'Sober bar' to open in Windsor, Ont. for recovering addicts
Owners who have battled addiction themselves are trying to create a safe haven
Recovering addicts leaving treatment — surrounded by a world of temptation — will soon have a new "sober bar" in Windsor, Ont. to help fill a gap.
Although it may have high-top stools, a bar and a liquor shelf, the Spiritual Soldiers Coffee Compound will be substance-free. The two men behind the project have battled addiction themselves, and want this new space to be a safe haven for people trying to stay sober.
"There's so many people who come into recovery and then they come out and they end up going back to the people, places and things because they don't know what to do once they get out of the recovery bubble," said Bianca Oliverio, a 23-year-old who has suffered from addiction.
Watch why this won't be your typical coffee shop:
The reality is I didn't want my parents looking into a casket.- Bianca Oliverio
The journey of addiction began with alcohol at a young age for Oliverio. Eventually she hit rock bottom while using opioids and cocaine, which led to being treated in hospital for an overdose.
"Looking at my mom looking at me that way, and just that fear that was on her face, kind of really put a hole in my heart that I really needed to make a change," she said. "The reality is I didn't want my parents looking into a casket."
Now, Oliverio has been sober for five months and plans to help with the coffee shop. Since people recovering from addiction have so much in common, she said there will definitely be a "vibe" in the new space.
'Dance on the bar'
Work is underway to put the finishing touches on the Spiritual Soldiers Coffee Compound located on Erie Street East and Langlois Avenue. Co-owners Mike Brown and James Lucier plan to open the doors on June 1.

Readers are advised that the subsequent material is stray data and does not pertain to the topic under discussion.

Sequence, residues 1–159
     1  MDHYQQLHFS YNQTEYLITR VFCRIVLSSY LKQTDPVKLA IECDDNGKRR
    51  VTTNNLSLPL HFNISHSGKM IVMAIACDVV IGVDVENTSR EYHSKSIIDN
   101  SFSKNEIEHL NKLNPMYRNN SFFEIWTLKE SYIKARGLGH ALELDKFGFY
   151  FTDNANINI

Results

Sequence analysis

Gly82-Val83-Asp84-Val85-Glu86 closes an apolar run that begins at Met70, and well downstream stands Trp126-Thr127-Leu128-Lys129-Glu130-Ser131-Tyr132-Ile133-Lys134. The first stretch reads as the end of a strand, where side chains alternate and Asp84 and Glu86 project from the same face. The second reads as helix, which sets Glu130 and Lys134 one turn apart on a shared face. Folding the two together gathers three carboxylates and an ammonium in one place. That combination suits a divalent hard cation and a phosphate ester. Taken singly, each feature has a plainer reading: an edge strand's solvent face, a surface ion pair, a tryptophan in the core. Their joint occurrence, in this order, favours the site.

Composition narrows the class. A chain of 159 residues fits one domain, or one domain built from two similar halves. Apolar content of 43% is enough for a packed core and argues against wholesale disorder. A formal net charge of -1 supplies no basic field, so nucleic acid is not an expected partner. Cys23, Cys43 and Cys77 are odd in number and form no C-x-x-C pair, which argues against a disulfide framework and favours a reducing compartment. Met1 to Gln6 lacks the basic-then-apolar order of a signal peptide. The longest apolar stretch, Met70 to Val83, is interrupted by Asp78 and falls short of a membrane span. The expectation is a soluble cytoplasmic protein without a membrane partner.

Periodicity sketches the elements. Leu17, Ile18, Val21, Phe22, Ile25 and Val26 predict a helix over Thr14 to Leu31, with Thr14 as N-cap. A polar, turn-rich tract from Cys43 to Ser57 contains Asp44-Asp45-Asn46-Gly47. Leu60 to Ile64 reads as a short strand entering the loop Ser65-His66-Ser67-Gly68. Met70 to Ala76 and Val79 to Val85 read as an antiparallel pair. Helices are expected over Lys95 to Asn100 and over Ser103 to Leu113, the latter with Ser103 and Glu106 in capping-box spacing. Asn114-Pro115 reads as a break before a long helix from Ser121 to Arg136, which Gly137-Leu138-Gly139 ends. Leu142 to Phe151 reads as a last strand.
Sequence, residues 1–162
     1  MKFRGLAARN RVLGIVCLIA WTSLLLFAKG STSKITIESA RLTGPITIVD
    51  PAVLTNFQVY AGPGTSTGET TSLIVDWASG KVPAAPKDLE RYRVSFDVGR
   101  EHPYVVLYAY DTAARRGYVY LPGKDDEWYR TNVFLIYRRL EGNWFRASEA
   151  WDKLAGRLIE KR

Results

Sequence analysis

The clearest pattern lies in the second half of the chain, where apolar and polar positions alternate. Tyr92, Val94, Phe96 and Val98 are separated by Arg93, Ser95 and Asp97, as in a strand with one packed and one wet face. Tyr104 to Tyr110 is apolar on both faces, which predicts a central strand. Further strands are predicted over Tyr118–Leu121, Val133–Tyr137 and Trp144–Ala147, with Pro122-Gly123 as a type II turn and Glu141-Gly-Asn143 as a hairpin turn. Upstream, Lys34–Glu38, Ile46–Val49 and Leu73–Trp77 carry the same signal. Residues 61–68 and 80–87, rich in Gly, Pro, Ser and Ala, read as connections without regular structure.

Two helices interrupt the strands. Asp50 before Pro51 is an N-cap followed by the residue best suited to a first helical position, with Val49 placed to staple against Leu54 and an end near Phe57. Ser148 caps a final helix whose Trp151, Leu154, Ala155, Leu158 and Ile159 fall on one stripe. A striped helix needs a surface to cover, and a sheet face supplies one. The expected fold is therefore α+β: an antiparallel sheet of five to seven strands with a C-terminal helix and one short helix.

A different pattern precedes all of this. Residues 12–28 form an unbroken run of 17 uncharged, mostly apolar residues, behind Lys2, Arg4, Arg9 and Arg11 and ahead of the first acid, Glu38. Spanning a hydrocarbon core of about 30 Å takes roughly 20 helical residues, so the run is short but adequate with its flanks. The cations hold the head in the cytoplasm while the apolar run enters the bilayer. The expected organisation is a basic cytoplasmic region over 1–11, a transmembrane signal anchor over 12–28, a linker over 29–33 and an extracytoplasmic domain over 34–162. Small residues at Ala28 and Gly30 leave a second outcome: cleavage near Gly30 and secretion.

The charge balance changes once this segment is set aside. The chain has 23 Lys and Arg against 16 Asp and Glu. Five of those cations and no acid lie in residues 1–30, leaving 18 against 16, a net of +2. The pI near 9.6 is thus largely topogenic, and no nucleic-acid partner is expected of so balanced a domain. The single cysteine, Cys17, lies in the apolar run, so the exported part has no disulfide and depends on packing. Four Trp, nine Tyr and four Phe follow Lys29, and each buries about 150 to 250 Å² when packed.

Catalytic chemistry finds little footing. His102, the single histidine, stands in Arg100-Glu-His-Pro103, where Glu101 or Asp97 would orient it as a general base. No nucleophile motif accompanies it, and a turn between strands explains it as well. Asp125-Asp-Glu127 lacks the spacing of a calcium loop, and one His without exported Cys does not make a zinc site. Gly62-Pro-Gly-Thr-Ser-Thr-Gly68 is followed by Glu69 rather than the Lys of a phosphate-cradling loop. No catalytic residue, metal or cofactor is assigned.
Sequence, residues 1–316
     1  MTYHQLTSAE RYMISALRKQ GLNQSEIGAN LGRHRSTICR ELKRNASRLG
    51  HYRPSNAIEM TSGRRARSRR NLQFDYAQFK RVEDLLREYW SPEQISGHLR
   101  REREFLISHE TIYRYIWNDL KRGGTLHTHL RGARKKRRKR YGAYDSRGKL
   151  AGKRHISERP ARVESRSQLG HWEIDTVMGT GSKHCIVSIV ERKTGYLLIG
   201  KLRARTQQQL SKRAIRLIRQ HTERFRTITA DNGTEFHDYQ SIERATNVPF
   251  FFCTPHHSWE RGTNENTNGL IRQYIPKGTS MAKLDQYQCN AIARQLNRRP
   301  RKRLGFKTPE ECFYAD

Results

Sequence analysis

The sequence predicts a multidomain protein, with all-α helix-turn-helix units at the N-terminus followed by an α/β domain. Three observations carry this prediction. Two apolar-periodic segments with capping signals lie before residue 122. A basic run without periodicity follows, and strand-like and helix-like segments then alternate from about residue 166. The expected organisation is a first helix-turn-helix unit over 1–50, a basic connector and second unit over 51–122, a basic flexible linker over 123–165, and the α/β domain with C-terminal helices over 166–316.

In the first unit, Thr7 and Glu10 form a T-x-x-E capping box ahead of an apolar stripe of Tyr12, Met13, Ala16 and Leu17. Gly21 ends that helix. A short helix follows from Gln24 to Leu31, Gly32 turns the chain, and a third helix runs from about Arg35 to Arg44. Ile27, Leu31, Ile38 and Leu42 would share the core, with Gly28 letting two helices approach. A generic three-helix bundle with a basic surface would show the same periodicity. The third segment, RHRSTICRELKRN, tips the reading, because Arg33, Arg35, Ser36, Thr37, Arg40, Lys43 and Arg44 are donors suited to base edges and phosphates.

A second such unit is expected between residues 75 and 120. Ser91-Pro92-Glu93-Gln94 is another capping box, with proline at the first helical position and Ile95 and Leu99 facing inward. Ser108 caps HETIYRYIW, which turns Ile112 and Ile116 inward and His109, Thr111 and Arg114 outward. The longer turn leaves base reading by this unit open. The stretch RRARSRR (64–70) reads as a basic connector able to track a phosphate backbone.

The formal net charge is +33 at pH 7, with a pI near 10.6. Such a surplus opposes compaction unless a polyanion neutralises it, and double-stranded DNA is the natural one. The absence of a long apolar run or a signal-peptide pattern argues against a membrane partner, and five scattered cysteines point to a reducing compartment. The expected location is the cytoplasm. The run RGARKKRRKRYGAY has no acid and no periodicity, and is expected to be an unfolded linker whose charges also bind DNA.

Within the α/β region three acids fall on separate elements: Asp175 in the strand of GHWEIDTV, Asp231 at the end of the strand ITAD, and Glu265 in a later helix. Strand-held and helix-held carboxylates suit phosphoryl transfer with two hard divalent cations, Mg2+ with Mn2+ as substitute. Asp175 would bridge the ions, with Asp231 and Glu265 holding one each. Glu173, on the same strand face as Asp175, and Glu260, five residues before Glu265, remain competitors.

"If you want to come in, and you've had four espressos, and you want to dance on the bar, dance on the bar," said co-owner Mike Brown. "We want people to be vulnerable. We're not selling a cup of coffee, we're selling spiritual enlightenment."
Brown and Lucier co-founded the Spiritual Soldiers brand last year. It began as a clothing line with a mission: to raise awareness about mental health and addiction issues.
Social entertainment while battling addiction
Being so close to taking that message one step further, and opening a coffee shop, is surreal for Brown. Especially since his life of addiction to alcohol and cocaine began when he was 18. It eventually led to a suicide attempt and an overdose.
A missing piece of the puzzle for Brown during recovery was social entertainment.
"We want to break those fears that people may need that social lubricant of alcohol, whereas they can come in here and just be themselves," said Brown.
Pot a problem?
Even with the upcoming legalization of marijuana across Canada, Brown isn't concerned his shop will become a 'drug den' or be a place for users to target those on the road to recovery. He's committed to making the atmosphere a safe place, not a "drop-in centre where somebody can come pick up a clean needle."
The long-term goal — if things go well — is to mimic the concept of a 'sober bar' in other communities like London or Toronto.